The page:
Almost right out of the starting gate, the Obama administration has fought tooth and nail to prevent states from enacting voter ID laws, yet on Thursday it supports similar laws that were enacted by a developing nation.
While the first family enjoys its combination summer vacation and African goodwill tour, the White House press secretary issued Thursday a “Fact Sheet: U.S. Support for Strengthening Democratic Institutions, Rule of Law, and Human Rights in Sub-Saharan Africa,” according to The Weekly Standard’s Jeryl Bier.
The fact sheet applauded Kenya’s $53 million effort to assist its youth in securing the national ID cards required to register to vote.
Across sub-Saharan Africa, the United States supports efforts to ensure civil society organizations and independent media can organize, advocate, and raise awareness with governments and the private sector to improve political processes, transparency, and government performance. Examples include:
• In Kenya, the$53 million Yes Youth Can program empowers nearly one million Kenyan youth to use their voices for advocacy in national and local policy-making, while also creating economic opportunities. In advance of Kenya’s March 2013 general elections, Yes Youth Can’s “My ID My Life” campaign helped 500,000 youth obtain National identification cards, a prerequisite to voter registration, and carried out a successful nationwide campaign with Kenyan civic organizations to elicit peace pledges from all presidential aspirants.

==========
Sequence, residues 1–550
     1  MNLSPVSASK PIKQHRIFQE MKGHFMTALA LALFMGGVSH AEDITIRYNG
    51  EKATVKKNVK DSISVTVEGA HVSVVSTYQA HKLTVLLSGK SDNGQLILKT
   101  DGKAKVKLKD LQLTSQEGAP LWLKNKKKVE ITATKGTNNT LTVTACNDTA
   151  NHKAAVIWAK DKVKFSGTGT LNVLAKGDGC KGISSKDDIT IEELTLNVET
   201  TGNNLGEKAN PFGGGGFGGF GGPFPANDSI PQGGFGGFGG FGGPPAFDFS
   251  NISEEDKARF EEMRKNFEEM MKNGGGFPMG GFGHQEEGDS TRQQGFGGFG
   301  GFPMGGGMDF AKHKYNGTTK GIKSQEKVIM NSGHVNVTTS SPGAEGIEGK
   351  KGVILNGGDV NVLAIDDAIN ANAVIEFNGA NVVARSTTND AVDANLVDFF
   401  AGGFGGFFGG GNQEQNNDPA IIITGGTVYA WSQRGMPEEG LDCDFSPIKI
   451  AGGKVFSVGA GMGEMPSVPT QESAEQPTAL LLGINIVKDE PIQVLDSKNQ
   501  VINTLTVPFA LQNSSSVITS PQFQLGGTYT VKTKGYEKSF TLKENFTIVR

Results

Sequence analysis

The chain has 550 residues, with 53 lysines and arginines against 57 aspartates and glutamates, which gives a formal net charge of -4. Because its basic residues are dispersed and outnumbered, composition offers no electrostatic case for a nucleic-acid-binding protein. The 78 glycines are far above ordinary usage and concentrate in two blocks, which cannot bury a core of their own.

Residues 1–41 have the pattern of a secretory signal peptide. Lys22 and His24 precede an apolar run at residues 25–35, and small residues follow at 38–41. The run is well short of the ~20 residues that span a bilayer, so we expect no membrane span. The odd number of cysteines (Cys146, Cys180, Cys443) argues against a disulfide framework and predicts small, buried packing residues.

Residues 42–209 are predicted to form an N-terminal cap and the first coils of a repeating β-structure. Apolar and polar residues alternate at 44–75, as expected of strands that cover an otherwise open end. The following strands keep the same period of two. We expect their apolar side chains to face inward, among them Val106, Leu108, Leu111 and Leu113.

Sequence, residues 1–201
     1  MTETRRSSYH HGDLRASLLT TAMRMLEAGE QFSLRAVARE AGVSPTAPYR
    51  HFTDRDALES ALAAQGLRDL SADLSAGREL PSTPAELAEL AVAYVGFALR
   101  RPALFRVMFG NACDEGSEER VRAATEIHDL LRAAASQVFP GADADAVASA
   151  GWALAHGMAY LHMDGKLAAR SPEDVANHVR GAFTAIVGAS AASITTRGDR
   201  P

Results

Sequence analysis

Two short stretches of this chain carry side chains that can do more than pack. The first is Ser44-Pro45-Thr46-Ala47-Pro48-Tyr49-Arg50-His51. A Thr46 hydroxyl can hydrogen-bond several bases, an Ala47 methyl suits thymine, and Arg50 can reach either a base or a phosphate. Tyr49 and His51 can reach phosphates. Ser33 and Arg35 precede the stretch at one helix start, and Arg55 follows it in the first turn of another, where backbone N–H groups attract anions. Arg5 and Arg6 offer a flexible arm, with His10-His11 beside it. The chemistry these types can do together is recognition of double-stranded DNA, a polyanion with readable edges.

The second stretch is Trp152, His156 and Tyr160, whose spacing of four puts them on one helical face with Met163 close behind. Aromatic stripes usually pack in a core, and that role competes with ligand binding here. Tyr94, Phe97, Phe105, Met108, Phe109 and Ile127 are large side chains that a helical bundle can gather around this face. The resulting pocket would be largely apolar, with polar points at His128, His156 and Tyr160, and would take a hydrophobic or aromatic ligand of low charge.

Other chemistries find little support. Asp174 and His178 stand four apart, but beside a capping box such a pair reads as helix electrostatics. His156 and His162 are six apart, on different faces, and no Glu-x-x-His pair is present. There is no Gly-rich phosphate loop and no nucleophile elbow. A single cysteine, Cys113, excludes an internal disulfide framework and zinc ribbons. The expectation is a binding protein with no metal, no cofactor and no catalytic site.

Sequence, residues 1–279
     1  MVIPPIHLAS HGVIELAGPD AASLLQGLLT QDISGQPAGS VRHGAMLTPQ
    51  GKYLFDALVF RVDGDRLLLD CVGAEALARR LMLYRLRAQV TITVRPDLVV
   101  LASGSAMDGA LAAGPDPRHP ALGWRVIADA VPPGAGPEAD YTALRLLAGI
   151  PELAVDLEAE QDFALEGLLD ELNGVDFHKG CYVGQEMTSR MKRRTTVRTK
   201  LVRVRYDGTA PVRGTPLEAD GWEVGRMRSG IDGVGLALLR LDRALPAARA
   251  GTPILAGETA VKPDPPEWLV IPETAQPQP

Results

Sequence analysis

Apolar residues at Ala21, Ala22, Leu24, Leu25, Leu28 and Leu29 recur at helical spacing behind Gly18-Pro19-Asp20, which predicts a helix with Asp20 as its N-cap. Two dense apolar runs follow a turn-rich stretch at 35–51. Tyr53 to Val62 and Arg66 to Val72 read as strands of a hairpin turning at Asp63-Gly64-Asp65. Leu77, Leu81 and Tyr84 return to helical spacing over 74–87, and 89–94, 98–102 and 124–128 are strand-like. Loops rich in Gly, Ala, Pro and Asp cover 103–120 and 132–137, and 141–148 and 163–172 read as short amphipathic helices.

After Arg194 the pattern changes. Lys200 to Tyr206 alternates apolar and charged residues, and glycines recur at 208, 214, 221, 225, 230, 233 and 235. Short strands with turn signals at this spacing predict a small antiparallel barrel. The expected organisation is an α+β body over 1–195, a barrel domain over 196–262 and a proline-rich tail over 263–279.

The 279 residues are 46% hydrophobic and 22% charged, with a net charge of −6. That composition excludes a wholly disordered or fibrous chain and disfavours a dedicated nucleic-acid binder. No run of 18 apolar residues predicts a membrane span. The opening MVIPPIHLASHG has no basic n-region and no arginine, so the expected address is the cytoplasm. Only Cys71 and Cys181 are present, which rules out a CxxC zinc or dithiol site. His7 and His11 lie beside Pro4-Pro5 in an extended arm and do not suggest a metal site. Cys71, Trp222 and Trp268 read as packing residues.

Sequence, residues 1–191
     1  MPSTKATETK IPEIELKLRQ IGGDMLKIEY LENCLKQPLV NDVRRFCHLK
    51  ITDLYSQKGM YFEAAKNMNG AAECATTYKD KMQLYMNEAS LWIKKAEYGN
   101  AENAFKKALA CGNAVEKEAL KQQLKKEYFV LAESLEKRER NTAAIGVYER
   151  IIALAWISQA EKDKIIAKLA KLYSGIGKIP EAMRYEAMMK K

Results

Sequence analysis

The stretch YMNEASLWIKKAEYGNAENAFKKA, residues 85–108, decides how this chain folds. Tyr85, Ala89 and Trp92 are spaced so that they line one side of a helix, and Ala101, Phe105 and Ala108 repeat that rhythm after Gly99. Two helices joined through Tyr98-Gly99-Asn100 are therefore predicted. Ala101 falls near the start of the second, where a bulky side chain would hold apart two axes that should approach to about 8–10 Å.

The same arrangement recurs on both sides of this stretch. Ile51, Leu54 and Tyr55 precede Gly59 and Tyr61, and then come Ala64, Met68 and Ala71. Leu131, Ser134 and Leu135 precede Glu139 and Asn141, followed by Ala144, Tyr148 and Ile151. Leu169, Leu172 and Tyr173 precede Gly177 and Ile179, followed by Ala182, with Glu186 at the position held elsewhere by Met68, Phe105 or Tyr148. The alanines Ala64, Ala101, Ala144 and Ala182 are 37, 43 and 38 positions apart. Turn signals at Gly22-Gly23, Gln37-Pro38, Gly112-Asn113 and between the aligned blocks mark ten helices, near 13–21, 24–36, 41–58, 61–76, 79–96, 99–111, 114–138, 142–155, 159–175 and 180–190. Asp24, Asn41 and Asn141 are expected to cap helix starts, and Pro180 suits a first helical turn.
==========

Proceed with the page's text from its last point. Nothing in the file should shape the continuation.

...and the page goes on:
But if nothing else, when it comes to our own states’ laws, this administration has been consistent, calling them restrictive, racially divisive, a modern-day poll tax and even a return to Jim Crow legislation.
Referring to the Texas voter ID law, White House Chief spokesman Jay Carney noted in August that “this administration believes it should be easier for eligible citizens to vote — to register and vote. We should not be imposing unnecessary obstacles or barriers to voter participation.”
Attorney General Eric Holder blocked both South Carolina’s and Texas’ voter ID laws, using the Justice Department’s power under Section 5 of the Voting Rights Act,a provision the U.S. Supreme Court threw out Tuesday.
South Carolina’s law was modeled after Indiana’s, which the high court found constitutional in 2008. The only distinguishing characteristic Holder could note was that South Carolina’s law was subject to DOJ review while Indiana was not, according to The Daily Caller.
Speaking to the Houston NAACP, Holder likened voter ID laws to “poll taxes” and vowed he would “not allow political pretexts to disenfranchise American citizens of their most precious right,” according to The Huffington Post.
The ever-opinionated Florida congresswoman and Democratic National Committee Chair Debbie Wasserman Schultz cranked up the vitriol further when she said, “Now you have the Republicans, who want to literally drag us all the way back to Jim Crow laws.”
She later apologized. Later still, her selective amnesia kicked in, and she denied having ever saying it, according to Politico.
The DOJ’s effort’s to restrict states from enacting voter ID laws may have given President Obama’s re-election bid a boost. With the Supreme Court’s decision Tuesday, maybe the GOP will have, as the president is fond of saying, “a fair shot” at the polls in 2014.